Love & Other Lies is also Polite Society’s first foray into menswear, when asked why she decided to include menswear in the drop she stated matter o factly, “Guys were showing a lot of interest and we would get DMS every now and then asking when we would be dropping menswear and are you dropping any more like unisex pieces. So I took a hint from there."
Surmai still remains trepidatious about foraying into the uncharted territory of menswear. “I did a way smaller menswear collection compared to womenswear. If there are 15 outfits in menswear there are 25 outfits in womenswear. So definitely a smaller trial sort of thing. I felt like let's try and do it in a different way and not make it so overtly manly or in your face.”
Throughout the lookbook, the male model is always shot and styled to appear a bit softer. Surmai wanted to go against the grain of what conventional power dressing looked like. “It's a trial and error thing for me as well. I don't know how it's going to be received. I can't forsee if this is how men want to be seen. Is this something they would be interested in or are they still looking for graphic tees and stuff? It's something I wanted to experiment with for sure and what this collection is about."
What does it mean to be powerful?
Power is often tied to being masculine and designers often fall into this trap. Dressing women in shirts and pants, big shoulders and pantsuits, in an attempt to make them appear more powerful.
Surmai refutes that notion, her approach to power dressing is tied to confidence. “The whole point of power dressing is to feel like you're in charge and to feel powerful. Who decided that a shirt and a pantsuit will make me feel that way. It could also be a corset for instance, which back in the day was considered anti-feminist. But a lot of women do feel confident wearing it, so we have taken what was patriarchal and reclaimed it, deciding which parts we want to keep and which we don't."
She further adds “People still tell me it’s anti-feminist to include corsets. But I’ve realized that people will always find a way to tell you that what you're doing is wrong. But at the end of the day, the corsets we make aren't uncomfortable."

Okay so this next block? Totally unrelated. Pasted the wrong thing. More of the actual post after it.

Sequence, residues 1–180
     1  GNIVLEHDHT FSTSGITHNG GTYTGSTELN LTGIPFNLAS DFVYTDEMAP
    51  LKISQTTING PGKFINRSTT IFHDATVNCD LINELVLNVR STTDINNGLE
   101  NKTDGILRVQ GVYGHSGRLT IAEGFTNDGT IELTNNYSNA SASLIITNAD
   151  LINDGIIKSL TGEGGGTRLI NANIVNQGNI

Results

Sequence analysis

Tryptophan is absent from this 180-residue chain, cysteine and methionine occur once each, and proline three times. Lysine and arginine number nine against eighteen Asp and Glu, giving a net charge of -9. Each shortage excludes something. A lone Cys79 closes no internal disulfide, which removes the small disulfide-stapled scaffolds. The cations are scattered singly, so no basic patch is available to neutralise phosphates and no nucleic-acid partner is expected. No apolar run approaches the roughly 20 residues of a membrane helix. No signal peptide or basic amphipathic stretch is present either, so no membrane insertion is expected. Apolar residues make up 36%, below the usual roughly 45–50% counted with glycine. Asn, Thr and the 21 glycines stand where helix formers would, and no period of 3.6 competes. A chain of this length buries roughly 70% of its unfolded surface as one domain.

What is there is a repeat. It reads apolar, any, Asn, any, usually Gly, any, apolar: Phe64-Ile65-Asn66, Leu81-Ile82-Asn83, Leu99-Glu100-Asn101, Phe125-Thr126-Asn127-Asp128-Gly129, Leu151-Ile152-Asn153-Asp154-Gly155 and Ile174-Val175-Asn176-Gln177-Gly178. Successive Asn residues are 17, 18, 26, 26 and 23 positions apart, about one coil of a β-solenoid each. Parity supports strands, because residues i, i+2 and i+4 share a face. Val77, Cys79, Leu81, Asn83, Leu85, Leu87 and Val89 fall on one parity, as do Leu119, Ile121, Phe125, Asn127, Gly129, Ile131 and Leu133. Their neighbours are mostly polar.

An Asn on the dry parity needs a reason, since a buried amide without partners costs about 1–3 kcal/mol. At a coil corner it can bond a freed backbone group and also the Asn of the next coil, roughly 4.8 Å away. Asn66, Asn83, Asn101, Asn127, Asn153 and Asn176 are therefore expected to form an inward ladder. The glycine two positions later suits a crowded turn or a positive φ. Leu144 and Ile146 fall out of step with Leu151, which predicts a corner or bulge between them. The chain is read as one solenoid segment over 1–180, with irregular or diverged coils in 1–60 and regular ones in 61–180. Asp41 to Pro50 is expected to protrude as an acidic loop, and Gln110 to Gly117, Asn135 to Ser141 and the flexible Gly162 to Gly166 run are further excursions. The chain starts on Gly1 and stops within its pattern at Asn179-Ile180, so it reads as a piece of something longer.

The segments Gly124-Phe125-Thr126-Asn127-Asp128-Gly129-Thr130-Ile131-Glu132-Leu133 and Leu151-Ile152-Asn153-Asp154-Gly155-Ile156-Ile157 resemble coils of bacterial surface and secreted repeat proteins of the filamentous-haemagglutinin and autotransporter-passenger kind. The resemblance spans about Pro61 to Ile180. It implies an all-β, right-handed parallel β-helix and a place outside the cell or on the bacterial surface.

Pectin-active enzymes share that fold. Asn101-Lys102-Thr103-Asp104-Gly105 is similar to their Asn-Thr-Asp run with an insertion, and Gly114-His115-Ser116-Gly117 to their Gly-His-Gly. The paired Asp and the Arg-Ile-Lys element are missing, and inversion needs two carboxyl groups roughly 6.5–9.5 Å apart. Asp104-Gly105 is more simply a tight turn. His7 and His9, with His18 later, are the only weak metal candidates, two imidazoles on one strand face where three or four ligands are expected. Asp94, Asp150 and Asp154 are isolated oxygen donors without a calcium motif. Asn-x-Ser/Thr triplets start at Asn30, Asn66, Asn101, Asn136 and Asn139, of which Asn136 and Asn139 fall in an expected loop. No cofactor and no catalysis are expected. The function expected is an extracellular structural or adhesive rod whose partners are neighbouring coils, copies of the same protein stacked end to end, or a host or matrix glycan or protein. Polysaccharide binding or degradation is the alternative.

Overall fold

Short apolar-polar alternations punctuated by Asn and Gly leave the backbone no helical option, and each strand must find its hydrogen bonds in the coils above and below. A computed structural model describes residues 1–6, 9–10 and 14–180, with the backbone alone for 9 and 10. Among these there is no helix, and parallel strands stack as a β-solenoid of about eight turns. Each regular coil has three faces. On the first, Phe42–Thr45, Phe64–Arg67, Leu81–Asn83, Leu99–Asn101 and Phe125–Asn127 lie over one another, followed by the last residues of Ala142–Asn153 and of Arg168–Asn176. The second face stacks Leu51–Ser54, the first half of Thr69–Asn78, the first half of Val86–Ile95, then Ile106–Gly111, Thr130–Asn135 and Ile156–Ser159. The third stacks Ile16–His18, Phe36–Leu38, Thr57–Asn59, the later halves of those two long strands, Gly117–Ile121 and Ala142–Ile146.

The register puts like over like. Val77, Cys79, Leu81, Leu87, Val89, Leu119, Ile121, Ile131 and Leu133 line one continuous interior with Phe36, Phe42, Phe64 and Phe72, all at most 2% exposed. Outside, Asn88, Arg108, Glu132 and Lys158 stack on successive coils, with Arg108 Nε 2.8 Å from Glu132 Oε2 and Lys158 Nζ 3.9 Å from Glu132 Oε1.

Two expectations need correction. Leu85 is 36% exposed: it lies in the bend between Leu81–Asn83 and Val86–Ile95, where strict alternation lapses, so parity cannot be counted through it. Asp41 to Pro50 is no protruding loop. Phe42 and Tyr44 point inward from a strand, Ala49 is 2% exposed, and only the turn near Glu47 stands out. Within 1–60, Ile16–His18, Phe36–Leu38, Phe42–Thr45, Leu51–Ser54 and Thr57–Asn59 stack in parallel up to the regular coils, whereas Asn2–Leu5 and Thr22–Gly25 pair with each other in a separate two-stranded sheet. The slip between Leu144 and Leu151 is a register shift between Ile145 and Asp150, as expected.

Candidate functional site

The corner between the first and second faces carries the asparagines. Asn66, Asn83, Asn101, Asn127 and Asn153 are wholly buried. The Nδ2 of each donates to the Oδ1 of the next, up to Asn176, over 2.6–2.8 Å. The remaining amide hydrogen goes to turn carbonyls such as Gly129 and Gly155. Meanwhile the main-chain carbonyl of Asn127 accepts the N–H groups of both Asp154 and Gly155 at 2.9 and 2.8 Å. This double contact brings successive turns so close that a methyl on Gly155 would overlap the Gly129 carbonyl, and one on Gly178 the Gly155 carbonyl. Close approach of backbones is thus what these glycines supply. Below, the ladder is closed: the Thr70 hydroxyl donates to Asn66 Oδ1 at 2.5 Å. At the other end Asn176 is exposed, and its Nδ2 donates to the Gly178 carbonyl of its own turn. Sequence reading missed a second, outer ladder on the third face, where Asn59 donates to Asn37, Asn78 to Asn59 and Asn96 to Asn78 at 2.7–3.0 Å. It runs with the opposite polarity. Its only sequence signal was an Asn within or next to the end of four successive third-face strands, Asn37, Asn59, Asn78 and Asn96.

Going beyond shirts and skirts, Surmai embraces femininity in all its forms to project power, but doesn’t restrict herself to a gender binary within her design process. “I feel like there's still femininity in a lot of our pieces be it through lacing or thin strands or like the curves that enhance a woman's body.”
The clothes that Polite Society end up creating have a combination of stereotypically masculine and feminine components; emulating a new version of power dressing.
Surmai identifies with the people who wear her clothes, especially the women, expressing that “I want the people who wear Polite Society to feel comfortable in their skin, in their body and also be able to show it off at the same time. I wanted my brand to have clothes that are structured and that highlight the parts of the body that people don't want to be highlighted. So it wasn't very obvious in all the pieces. But even just some simple embroideries like in the boobies shirt or a ring on the front or slit pants, a lot of these skin peaks and sharp silhouettes that focus on the underbust area. This feels empowering to me. And hopefully, other women will find it empowering too. That's how I got into power dressing in a way that's not just suits, but a little bit different.”